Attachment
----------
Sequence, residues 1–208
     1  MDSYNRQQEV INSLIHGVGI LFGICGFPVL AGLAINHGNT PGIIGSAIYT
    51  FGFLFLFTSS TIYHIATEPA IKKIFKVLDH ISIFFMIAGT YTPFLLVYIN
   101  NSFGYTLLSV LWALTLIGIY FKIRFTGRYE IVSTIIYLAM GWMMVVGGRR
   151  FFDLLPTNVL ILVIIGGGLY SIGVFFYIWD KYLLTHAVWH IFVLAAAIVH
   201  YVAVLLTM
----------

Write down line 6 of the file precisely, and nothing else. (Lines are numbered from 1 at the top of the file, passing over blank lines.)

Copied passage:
   201  YVAVLLTM